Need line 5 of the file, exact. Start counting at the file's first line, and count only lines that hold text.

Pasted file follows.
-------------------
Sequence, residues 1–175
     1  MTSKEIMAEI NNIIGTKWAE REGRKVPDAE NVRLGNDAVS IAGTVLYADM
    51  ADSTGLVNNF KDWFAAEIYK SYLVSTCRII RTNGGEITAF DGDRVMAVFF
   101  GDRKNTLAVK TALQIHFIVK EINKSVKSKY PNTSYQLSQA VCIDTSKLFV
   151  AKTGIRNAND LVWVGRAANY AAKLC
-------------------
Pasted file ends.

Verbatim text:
   151  AKTGIRNAND LVWVGRAANY AAKLC